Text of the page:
The question answered by the South Carolina House of Representatives today is whether their state government, as a political and democratic institution representing constituents of all races, should maintain on its capitol grounds the very flag it placed there 50 years ago to protest the civil rights movement.
An angry white man is politician. He is a banker, a lawyer, a journalist, a president. He can carry gun. He can voice his opinions no matter how loud and is entitled to a microphone. The constitution was constructed for and by him. It his pulpit. No matter how hard Black voices try and compete they aren't even in the audience.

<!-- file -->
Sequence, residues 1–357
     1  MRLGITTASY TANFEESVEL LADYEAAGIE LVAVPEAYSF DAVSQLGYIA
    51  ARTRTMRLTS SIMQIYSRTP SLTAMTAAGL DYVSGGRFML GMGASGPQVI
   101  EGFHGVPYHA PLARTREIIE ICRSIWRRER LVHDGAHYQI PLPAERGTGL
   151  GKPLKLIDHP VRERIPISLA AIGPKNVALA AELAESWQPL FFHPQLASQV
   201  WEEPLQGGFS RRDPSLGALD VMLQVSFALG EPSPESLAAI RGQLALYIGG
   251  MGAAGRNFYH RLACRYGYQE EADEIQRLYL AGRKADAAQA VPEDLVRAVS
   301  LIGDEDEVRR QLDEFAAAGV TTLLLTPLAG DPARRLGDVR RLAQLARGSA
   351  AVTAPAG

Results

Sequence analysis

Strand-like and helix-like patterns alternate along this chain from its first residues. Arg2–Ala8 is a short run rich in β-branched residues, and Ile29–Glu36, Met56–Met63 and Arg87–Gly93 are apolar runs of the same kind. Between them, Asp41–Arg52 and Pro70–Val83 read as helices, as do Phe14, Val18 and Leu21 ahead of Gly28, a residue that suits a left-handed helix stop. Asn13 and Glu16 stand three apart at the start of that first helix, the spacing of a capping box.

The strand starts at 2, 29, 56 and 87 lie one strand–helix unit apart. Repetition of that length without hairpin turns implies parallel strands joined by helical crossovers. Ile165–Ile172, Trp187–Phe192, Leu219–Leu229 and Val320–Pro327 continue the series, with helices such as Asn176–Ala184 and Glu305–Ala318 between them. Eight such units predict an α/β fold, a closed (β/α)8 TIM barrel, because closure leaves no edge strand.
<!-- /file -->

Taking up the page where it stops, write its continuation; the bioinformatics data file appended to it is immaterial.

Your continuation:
As South Carolina's Capitol grounds and other jurisdictions decide the fate of their most prominent emblems of past oppression and contemporary reaction, Stone Mountain guarantees that at least one Confederate icon will loom over the South's largest city for as long into the future as mankind can foresee.